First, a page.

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Who’s hiding in here?

We knew they were there, because we’d heard them. But we didn’t know exactly where. They kept themselves well concealed, only moving about at night, until we stumbled upon their secret hiding place.

Who or what are they? Owls. A pair of long-eared owls (moyen duc in French; scientific name: Asio otus), which have chosen to roost in an ivy-covered tree in our garden.

Long-eared owl, by Alastair Rae, London UK. Wikimedia Commons

I have always been very fond of owls. Hearing their eerie calls while sitting by the fire on a winter’s night is, for me, an evocative pleasure of living in the countryside. The area around us is wooded and dotted with old barns and abandoned houses, where owls can nest and breed virtually undisturbed. Barn owls regularly take up residence in our own barn.

Des res for owls

Investigative work

For several weeks, we have heard the moyen duc’s breathy, regular hooting at night. It is apparently the male that calls. Well, it seems to have done the trick, because there are two of them. I presume they are a breeding pair.

The SF (statistics-obsessed husband) scared them out of their roost one day by walking past. The next day, I went to investigate. I crept up as quietly as possible. The evidence was there: white droppings on the ivy leaves. I looked straight upwards from there and eyeing me was a rather startled-looking face with orange eyes and black ear-tufts (actually they aren’t ears, but they are called that anyway). If only I’d had my camera!

Evidence of occupation

This second unwarranted intrusion into their roost was as intolerable as the first. The owl burst out of the ivy and glided away on silent wings. A few seconds later, the second one exited the other side of the tree and flew off to join its mate. They must roost facing each other since, each time, one flies out of the front and the other out of the back of the tree. Unless this is a kind of defensive tactic to confuse the enemy.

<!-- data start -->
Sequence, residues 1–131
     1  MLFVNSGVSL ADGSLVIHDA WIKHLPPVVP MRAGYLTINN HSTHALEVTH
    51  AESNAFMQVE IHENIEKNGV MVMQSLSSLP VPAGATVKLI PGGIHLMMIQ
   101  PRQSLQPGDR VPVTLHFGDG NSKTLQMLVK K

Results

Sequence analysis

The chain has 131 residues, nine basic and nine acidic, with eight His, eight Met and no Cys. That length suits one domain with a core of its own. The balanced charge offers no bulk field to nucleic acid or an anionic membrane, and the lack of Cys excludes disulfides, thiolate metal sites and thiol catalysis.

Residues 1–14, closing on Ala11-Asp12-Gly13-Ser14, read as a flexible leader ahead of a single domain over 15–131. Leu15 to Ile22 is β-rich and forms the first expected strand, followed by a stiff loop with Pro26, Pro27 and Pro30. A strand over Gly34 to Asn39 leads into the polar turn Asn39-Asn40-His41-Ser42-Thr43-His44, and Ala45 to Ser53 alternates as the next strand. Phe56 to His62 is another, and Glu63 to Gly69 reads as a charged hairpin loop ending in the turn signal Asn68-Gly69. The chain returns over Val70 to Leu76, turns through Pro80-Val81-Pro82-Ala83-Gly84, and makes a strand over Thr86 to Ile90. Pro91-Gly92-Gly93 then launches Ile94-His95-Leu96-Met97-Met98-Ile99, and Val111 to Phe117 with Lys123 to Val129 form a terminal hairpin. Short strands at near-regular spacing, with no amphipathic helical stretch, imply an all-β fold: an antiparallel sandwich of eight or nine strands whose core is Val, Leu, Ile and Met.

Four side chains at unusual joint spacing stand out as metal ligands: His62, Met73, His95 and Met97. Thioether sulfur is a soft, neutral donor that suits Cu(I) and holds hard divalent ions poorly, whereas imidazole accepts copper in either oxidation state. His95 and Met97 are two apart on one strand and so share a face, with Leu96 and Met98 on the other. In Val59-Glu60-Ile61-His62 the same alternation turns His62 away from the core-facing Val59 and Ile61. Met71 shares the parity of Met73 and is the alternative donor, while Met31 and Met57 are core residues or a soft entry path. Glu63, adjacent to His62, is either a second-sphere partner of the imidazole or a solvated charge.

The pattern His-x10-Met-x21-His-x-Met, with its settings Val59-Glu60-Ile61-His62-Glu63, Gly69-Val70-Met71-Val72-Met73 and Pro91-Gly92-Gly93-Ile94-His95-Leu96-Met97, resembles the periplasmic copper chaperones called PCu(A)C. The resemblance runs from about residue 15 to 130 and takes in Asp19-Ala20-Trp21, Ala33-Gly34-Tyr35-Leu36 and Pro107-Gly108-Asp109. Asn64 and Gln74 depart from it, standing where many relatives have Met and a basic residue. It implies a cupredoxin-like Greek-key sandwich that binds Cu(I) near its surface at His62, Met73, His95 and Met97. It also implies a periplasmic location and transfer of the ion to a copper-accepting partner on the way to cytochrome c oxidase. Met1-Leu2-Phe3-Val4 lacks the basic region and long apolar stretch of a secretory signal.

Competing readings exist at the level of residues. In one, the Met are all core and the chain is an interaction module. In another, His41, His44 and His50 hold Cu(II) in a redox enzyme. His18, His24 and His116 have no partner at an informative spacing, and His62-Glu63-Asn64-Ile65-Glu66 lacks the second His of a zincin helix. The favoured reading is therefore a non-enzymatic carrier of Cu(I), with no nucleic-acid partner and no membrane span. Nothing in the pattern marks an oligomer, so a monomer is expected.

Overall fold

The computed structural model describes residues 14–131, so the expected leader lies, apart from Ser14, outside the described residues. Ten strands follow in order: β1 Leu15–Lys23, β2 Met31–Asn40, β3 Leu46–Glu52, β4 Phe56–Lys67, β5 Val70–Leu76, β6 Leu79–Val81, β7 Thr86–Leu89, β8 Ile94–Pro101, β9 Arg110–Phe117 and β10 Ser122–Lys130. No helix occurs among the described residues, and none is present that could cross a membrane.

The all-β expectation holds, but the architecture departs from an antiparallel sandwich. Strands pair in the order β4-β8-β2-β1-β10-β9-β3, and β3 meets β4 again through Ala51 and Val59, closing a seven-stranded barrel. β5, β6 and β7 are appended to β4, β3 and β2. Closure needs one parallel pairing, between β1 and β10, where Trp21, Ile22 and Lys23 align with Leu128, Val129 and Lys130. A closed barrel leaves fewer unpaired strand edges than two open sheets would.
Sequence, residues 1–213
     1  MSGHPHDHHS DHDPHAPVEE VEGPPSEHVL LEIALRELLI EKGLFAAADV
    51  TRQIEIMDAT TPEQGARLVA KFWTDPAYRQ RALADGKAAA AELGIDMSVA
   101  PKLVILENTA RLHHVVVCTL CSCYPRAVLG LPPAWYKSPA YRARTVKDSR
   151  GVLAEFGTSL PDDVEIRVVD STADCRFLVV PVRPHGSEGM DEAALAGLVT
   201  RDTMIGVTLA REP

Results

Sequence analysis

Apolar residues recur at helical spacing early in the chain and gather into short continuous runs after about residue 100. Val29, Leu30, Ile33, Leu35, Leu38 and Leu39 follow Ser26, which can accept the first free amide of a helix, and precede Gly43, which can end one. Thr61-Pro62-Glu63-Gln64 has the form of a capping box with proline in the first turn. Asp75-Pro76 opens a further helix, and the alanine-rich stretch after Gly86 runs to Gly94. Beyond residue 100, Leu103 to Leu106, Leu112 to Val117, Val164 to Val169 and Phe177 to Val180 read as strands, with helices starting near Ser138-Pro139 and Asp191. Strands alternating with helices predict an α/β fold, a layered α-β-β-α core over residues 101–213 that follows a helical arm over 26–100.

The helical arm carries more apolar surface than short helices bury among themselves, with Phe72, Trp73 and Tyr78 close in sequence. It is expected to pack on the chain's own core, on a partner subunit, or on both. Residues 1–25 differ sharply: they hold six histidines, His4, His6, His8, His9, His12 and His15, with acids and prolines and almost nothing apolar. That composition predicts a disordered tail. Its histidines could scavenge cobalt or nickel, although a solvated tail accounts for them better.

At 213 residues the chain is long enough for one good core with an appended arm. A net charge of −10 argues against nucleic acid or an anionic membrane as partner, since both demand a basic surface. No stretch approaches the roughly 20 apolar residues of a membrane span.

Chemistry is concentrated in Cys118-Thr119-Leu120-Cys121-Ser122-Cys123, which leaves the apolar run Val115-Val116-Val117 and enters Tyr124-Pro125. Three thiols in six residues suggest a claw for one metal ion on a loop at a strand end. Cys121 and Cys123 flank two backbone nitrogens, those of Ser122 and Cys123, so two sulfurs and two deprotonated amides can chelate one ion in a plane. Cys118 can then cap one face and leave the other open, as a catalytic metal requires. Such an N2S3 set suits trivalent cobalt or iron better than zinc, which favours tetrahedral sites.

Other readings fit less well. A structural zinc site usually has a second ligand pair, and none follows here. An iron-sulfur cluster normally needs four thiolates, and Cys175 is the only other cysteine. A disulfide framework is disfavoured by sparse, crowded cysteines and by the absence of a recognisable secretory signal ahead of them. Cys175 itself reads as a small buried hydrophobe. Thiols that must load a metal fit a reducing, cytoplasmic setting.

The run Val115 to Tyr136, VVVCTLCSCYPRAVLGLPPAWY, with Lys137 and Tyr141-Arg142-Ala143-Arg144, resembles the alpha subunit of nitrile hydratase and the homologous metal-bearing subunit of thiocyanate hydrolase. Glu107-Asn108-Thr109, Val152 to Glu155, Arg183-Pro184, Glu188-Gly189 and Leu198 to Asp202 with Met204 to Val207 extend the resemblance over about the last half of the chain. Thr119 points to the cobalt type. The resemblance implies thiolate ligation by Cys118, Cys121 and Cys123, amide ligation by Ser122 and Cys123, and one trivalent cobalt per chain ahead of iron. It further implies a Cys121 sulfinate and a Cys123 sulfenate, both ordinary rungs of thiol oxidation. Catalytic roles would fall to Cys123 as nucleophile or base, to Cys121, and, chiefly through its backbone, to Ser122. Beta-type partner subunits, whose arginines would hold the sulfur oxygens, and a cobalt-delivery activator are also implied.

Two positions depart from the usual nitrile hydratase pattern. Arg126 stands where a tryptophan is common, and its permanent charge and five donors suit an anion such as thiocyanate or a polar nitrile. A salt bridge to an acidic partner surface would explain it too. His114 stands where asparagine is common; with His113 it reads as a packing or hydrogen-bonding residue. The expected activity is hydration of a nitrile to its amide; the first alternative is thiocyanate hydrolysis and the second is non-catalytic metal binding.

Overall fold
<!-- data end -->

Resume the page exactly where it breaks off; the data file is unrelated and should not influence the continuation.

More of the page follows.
I tried again today, this time with the camera, but they were too quick for me. So I can only show you a Wikimedia photo of one, above. I snapped some owl pellets beneath the tree, composed of the undigested bits of prey. There were quite a lot of them, so the tree had clearly been occupied for some time.

Further evidence – owl pellets

I don’t want to frighten the owls off for good. They have had enough disturbances already, since Philippe decided yesterday to brush-cut his field edges on the other side of the hedgerow from their roost. Once again, they had to escape.

Native species

Moyen ducs live here all year round. In the winter, they sometimes roost in groups. They then breed between February and July, often nesting in the discarded nest of a crow or magpie. They lay clutches of four to six eggs.

These owls are about 35-37 cm in height with a wingspan of almost a metre. They look taller because of the “ears”, which they raise when alarmed. Their function is to make the owl look bigger than it is. The female is larger and darker in colour than the male.

We have come across these wonderful birds before. Once, unfortunately, we found a dead one that had caught its foot in a split bramble. On another occasion, we saw two fledglings sitting back to back in a tree calling their parents, which were still feeding them. One saw us and shut up. The other was oblivious to our presence and continued to signal its position.

Ivy isn’t good for trees, but there’s a good argument for not stripping it off every tree

When so many species are under threat, it’s good to see that these owls are classified as of Least Concern in the International Union for Conservation of Nature’s scheme.

What owl species live around you? Do you have owl tales to tell?


Finally, I have been able to snap one of our moyen ducs, but only its back view as it flew away!

Disappearing act

You might also like:

What a Hoot: in Praise of Owls

Noises Off on a Country Evening